The Black-winged Stilt, also known as the Himantopus himantopus, is a long-legged bird endemic to Africa, South America, Asia, Australia, and in small parts of North America. This is a wader that belongs to the Avocet and Stilt family. This family of bird species is made up of wading birds like Banded Stilt, Hawaiian Stilt, Pied Stilt, and Red-necked Avocet.
Its binomial name “Himantopus” came from a Greek word, which means “thong foot” or “strap food.” Back in the day, people call this bird species “Pied Stilt,” but that name is now given to a bird species that can only be found in Australia.
The Black-winged Stilt was first described in 1758 by Swedish zoologist and botanist Carl Linnaeus, who was then named the “father of modern taxonomy” due to his incredible, notable contributions in the field of taxonomy.
Since this bird widely occurs in a broad range and can be seen in most parts of the world, especially in warmer regions, the International Union for Conservation of Nature listed this species as Least Concern. The bird species’ general population has been stable ever since 1966.
Its seven levels of scientific classification are as follows:
Species: H. himantopus
The physical characteristics of a Black-winged Stilt
An adult Black-winged Stilt measures between 33 to 36 cm in length. It has long pink legs, long thin black bill, and a black-and-white plumage. A male Black-winged Stilt has a black back with a greenish moss, while a female Black-winged possesses a brown shade.
The bird’s underparts are pure white, while the upperparts are black. Its eyes are black. Usually, the top of its head changes color depending on the weather. On regular days, the head is white. During winter, a female bird tends to have less black on the head. During summer, a male bird will have more black on the head.
The distribution and habitat of Black-winged Stilts
This bird species is commonly found in shallow wetlands with scarce vegetation, including salt pans and ponds. Black-winged Stilts also frequent flooded areas along shallow lagoons, salt marshes, rivers, mangrove swamps, mudflats, flooded agricultural areas, evaporation ponds, and rice fields. It has been observed that some Black-winged Stilts prefer human-made habitats than the natural ones.
This bird species is found in different parts of the world. In Africa, Black-winged Stilets can only be seen in southern, eastern, central, and small parts of northern Africa.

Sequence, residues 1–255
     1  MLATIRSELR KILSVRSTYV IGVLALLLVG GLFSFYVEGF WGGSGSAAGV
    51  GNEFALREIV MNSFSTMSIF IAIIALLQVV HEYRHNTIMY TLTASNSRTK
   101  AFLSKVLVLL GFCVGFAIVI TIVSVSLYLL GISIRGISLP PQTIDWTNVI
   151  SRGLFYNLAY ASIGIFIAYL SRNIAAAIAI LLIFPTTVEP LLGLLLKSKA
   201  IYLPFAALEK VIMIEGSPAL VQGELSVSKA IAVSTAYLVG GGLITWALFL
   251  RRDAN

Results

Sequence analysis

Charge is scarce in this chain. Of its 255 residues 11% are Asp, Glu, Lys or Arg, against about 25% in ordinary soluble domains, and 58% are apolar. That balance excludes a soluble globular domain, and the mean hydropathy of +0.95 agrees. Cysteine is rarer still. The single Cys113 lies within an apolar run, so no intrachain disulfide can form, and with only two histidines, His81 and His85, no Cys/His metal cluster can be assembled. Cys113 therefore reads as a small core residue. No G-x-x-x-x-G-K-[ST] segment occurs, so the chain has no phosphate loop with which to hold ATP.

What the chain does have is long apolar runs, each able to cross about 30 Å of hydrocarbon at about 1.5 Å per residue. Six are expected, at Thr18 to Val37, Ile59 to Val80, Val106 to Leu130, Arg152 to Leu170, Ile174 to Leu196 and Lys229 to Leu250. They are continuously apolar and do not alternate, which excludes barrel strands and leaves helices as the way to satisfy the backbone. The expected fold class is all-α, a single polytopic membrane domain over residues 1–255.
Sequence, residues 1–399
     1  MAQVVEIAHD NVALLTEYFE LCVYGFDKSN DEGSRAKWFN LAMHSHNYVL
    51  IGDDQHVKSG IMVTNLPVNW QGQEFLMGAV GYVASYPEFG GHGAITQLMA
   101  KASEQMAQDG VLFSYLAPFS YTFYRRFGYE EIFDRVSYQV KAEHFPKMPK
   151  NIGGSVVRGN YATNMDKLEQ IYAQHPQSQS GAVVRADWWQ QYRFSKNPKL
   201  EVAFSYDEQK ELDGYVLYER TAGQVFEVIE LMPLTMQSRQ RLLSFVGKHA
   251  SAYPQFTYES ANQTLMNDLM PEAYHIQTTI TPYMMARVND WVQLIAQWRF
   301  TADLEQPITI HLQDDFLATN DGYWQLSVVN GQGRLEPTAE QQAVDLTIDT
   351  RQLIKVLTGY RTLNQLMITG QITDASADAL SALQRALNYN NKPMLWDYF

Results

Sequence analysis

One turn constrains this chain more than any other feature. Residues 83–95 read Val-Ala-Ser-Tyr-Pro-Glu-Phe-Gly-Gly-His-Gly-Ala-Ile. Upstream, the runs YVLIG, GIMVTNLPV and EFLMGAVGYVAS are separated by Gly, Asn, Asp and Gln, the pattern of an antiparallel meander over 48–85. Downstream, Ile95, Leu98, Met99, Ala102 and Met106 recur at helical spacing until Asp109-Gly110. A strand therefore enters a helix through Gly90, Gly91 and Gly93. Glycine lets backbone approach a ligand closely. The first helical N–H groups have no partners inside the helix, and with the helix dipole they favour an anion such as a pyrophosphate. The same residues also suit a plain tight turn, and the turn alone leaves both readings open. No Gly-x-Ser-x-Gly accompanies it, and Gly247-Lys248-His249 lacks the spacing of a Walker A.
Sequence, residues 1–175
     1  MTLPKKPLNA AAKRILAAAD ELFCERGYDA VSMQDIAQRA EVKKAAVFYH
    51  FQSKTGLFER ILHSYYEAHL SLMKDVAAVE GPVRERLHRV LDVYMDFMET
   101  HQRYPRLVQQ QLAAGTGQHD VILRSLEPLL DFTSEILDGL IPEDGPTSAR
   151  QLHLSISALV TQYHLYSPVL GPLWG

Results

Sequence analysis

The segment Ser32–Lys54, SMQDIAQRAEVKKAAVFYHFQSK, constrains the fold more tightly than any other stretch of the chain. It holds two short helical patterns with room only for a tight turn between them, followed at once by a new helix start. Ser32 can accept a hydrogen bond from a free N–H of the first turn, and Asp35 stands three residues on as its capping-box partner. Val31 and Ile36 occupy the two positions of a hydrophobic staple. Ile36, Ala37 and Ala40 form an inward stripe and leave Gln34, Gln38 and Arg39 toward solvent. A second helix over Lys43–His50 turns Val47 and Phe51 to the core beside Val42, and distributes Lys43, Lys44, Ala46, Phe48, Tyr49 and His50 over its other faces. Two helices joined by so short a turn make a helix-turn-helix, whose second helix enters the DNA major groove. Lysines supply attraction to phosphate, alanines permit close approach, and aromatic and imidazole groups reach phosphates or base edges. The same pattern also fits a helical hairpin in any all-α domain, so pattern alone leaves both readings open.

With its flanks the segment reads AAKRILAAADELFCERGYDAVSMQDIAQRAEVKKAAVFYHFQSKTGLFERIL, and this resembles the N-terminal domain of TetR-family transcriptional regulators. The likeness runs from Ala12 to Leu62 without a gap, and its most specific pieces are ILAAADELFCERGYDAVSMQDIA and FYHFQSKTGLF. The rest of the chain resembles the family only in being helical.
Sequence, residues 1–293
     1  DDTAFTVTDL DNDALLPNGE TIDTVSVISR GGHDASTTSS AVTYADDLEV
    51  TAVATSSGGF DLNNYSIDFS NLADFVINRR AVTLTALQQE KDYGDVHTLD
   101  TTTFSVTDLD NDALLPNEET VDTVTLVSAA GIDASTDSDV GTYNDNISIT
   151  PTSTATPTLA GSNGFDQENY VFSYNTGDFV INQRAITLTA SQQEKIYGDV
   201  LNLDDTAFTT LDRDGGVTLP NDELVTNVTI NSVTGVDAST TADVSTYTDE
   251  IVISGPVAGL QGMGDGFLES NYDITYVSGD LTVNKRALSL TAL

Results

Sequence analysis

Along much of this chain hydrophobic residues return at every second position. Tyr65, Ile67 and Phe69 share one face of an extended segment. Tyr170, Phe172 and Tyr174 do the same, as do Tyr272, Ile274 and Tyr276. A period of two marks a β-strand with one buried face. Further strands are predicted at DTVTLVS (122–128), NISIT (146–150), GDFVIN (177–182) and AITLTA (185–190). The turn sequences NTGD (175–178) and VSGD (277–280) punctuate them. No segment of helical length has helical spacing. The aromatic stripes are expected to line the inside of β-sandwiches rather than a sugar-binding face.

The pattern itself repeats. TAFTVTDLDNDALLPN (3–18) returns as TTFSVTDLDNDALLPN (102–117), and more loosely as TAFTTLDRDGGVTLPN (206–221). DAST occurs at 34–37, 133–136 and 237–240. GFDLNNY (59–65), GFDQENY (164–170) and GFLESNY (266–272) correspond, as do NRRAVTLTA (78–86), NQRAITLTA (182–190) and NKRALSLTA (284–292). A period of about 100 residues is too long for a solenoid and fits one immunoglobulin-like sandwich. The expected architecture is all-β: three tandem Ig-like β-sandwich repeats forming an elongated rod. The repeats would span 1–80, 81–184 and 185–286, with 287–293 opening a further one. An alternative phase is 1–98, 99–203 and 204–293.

The behavior of a Black-winged Stilt
During the breeding season, female Black-winged Stilts are the ones who choose males to mate with. A courtship display transpires when a female stretches out its neck and preens. The attracted male will mirror the same gesture, and then both of them will dip their bills in the water and preen the breast. This display intensifies as the pair become more aggressive before copulation. The male and female Black-winged Stilts will end the show with a slow run with their bills crossed.
This bird species nests in loose colonies, defending individual territories from intruders but joining another nesting Black-winged Stilts to combat threats. When a predator or human encroaches their territory, any birds that are not incubating will fly around the predator, flapping their wings violently and calling loudly. This display is deemed as a “popcorn display” by researchers. Black-winged Stilts can also exhibit distraction displays. They can pretend to be incubating birds, then flying to another area to repeat the same trick. When humans get close to their nests, these birds will attack humans from behind using their legs.
The female bird lays 2-5 eggs, each egg measuring for about 1.5-2 in length, and 1.2-1.3 in width. The eggs are yellowish olive to light drab with dark brown specks all over. Both parents will take responsibility for incubating the eggs, which will take about 24-29 before the eggs hatch. Likewise, the parents will take good care of the chicks once they are hatched.
The diet of Black-winged Stilts
This bird species spend most of the day wading and foraging in shallow waters when they do not preen, rest, or incubate eggs. They feed on small crustaceans, amphibians, snails, small frogs, and small fish. They also eat insects like brine flies, soldier flies, dragonflies, crickets, beetles, and larval mosquitoes.
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